Urban Farming: Essential Answer

Photo: Tdorante10 / Wikimedia Commons (https://rb.gy/vblgug)

Q: I'd like to grow my own food. I live in Scottsdale, Ariz., on a 2.4-acre lot. I'm fascinated by urban farming. 1) What are the most nutritious foods I can grow, appropriate to the climate here in the Phoenix area, maximizing use of space, ease of farming (I am free weekends and evenings, but I'd prefer not to spend the whole time in my garden), and I'd like to have a variety of food year round. 2) Could you design a modular raised "parking lot" garden for the Southwest, where covered parking is coveted and weather accommodates year-round farming?

Asked by Tom Nelson, ’93, Scottsdale, Ariz.


With spring in full bloom, urban farming is a popular topic. And well it should be, as growing your own food is not only healthy for your diet, but also good for the environment. Even better, growing potatoes in the backyard gives helps keep you from becoming a couch potato yourself. Plus, you help society as a whole by adding to the food supply and helping ensure there's plenty to go around. In many parts of the country, small, well-tended plots—as little as 1,000 square feet—can provide most of a household's yearly vegetable needs.

Each area of the country presents its own challenges to the home gardener. Scottsdale, Ariz., has a long growing season, from mid-February through November, and you've got plenty of land, so you're out ahead of many Northerners and downtown-dwellers. But water is going to be a big challenge—throughout the year the precipitation in the Phoenix Area is hardly more than one inch per month. I don't know how you manage the water supply in your garden, but Flood Irrigation in Phoenix, which is managed by Salt River Project (SRP), may be able to help you. Scottsdale is within the SRP flood irrigation boundaries.

You can grow more than 100 kinds of food in the Phoenix area with just a moderate water supply, carefully applied. Since I don't know what your favorite food is, I will only recommend a few very nutritious kinds in the following table. You will find more nutrient data at the United States Department of Agriculture (USDA) website.

  Nutrients Time to plant Time to harvest Water needed
Lettuce
Leaves of lettuce

Vitamin A and folic acid 2-4 weeks before the last frost date or 6 to 8 weeks before the first frost date One of the first crops to yield in the spring, and last to go in the fall Moderate
Carrots

Carrots laid over soil.
Dietary fiber, antioxidant and Vitamin A A great starter for your garden in the early spring Harvestable 30 to 40 days after sowing Small amount of water needed during the first eight weeks of the growing season, water heavily only if soil dries out as the crop matures
Broccoli

Some florets of broccoli.
High nutritional density but low fat; multiple nutrients with potent anti-cancer properties Plant in late summer, fall, or winter for crops in winter or early spring. In cold-winter areas, set out young plants two to four weeks before last frost Most varieties are ready to harvest 50 to 100 days after setting out plants; over-wintering types may take six months Moderate
Cauliflower

Heads of cauliflower
      More water than broccoli
Citrus (orange)
Arizona Sweets

Sliced and whole oranges.
Vitamin C The best time of year to plant a citrus tree is in late September Early winter to early spring See citrus watering schedule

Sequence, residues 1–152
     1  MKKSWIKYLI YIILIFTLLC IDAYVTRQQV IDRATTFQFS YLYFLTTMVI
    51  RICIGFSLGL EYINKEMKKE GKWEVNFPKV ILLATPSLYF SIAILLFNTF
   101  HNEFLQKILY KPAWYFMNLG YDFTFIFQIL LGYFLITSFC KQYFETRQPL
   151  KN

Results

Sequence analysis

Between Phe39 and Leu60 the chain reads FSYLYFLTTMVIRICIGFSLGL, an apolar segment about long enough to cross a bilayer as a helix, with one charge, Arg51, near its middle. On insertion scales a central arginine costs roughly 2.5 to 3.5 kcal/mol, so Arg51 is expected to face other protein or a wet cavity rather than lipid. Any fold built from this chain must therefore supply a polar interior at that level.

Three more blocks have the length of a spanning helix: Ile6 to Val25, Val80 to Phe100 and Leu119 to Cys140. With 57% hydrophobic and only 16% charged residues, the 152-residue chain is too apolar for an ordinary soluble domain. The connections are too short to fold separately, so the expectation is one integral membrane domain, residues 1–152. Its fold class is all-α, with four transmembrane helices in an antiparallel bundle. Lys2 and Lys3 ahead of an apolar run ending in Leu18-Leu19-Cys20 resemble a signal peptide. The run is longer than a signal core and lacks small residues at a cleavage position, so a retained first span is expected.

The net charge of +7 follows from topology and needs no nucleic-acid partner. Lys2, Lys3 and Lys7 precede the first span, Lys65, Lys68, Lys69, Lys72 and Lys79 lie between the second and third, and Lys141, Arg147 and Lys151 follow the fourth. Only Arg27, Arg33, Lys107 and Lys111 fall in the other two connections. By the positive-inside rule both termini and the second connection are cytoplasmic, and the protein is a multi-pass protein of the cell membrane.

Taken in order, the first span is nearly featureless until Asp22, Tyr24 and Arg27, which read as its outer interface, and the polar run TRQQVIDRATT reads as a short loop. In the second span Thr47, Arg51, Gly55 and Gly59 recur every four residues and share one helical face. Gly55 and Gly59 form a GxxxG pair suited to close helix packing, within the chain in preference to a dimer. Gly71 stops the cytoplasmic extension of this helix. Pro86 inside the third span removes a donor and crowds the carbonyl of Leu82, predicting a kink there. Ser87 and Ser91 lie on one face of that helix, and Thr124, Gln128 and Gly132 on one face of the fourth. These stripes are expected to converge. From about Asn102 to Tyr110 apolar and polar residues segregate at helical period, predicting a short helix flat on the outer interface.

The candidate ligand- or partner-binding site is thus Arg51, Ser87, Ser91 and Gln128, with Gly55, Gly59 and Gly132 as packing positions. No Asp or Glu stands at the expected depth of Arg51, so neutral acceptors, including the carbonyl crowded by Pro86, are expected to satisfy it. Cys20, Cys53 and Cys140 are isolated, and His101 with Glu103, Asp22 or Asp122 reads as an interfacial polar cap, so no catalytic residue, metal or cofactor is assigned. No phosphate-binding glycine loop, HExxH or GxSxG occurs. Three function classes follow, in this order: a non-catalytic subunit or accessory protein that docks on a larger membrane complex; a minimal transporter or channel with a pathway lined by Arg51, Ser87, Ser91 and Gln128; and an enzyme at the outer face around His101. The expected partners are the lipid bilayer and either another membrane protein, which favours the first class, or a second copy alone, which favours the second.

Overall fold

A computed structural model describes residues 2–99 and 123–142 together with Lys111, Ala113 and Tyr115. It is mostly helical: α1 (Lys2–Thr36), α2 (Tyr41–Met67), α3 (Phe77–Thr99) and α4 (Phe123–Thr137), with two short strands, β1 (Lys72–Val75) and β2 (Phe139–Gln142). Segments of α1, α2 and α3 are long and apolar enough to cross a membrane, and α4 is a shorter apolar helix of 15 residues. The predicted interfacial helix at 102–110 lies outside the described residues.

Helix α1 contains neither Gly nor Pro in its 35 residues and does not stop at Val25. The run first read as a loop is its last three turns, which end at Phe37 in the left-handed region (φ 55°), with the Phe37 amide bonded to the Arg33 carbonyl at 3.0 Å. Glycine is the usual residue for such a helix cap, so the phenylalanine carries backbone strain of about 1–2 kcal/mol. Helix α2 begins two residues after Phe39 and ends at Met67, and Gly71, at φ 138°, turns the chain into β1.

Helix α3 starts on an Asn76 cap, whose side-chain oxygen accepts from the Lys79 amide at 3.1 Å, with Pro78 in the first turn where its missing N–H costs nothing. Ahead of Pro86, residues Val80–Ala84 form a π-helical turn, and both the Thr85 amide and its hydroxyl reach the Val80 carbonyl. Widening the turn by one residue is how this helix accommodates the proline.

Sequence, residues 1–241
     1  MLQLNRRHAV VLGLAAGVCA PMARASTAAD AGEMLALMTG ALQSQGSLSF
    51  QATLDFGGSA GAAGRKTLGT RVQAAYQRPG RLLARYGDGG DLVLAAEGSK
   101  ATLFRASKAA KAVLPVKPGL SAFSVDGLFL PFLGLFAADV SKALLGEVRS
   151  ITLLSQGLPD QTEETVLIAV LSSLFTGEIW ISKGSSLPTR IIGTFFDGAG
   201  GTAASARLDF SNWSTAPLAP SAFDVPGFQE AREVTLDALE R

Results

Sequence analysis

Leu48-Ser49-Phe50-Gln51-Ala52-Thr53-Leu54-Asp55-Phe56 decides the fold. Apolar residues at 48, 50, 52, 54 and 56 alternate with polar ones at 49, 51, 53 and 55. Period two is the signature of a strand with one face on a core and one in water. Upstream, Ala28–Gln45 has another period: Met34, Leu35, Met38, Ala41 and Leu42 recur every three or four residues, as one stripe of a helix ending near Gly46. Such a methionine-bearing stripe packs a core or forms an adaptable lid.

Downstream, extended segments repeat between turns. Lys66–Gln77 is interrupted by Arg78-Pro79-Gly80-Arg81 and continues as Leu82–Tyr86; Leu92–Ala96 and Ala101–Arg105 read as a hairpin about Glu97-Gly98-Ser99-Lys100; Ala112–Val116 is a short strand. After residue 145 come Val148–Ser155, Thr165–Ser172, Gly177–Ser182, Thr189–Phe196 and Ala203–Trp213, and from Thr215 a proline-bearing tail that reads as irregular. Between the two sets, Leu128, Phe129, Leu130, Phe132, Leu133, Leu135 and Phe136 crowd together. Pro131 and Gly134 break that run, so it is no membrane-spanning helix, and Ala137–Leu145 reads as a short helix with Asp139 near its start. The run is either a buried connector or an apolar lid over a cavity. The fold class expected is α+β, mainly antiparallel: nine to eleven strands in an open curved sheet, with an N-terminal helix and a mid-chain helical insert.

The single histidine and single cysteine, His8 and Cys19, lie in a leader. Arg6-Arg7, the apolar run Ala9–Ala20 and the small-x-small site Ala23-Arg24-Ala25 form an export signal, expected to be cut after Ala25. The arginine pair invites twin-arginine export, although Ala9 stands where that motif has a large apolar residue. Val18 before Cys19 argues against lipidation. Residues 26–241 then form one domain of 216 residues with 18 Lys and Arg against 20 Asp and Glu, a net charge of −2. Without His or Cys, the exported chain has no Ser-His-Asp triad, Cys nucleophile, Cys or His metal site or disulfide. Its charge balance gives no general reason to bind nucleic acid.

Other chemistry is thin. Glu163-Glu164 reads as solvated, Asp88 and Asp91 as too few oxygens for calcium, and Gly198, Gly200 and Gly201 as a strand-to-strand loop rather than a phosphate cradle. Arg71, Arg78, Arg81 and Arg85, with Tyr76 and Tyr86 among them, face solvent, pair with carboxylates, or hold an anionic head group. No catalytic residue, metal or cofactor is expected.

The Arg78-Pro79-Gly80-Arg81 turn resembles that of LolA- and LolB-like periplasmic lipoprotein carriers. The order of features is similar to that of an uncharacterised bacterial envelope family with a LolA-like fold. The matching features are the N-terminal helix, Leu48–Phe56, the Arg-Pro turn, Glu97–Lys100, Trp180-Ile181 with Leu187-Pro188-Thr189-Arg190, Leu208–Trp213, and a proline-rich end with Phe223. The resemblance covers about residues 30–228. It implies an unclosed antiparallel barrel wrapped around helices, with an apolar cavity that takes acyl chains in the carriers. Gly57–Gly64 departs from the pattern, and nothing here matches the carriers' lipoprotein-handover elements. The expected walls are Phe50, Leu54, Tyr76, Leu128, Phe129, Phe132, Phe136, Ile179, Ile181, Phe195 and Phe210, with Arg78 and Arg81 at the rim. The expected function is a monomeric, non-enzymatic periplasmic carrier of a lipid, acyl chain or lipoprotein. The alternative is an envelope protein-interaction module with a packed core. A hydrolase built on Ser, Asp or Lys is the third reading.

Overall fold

Cantaloupe

Sliced and whole cantaloupes.
Vitamin C, Vitamin A and dietary fiber At least four weeks after the last frost date Takes 80 to 100 days One inch of water a week for most of the growing season
All pictures courtesy USDA

No matter where you live, climate, water and soil are the most important factors you need to consider when deciding what to plant. Sunset magazine's climate zone map can help you find your climate zone and the perfect plants for your yard according to the sunlight and water condition in your garden.

And if you really want a lot of food, with a minimum of maintenance work? You might want to consider the biointensive method, described in John Jeavon's How to Grow More Vegetables. It is an intensive planting method designed to make your land more productive, and to maximize yields by using the soil and space more efficiently. More details about biointensive gardening can be found in the Nitty-Gritty.

Your second question is a difficult one. I can imagine that people living in desert areas desire to see the green. But there's a problem. "Green roofs only do well in warm and humid places," Professor Jeffrey Koseff, Co-Director of Stanford's Woods Institute for the Environment at Stanford, recently explained to your SAGE authors. We were on a tour of the Jerry Yang and Akiko Yamazaki Environment and Energy Building (Y2E2), the most environmentally sustainable building on Stanford campus—where there is no green roof for exactly that reason. If Palo Alto is too hot and dry for rooftop vegetation, it's hard to think of a covered parking lot in Scottsdale that wouldn't be. I did find an article on the American Institute of Architects' website about some people who managed to have a green roof in Tucson, but it is only possible with a professionally designed roof landscape and irrigation system.

What's required, I think, is a little creativity. I think vine-covered parking may be a good alternative. Imagine having a parking lot covered not with carrot-topped concrete, but with a green sheath of trellised vines—grapes, melons, squash and pumpkins, even kiwi fruit all grow on vines, and can give your car all the nice, cool shade it needs—along with grapes and other produce. Yes, you can grow grapes in Arizona; just don't be surprised if you get a little juice on your paint job.


Jingshi Wuis a PhD candidate in geology.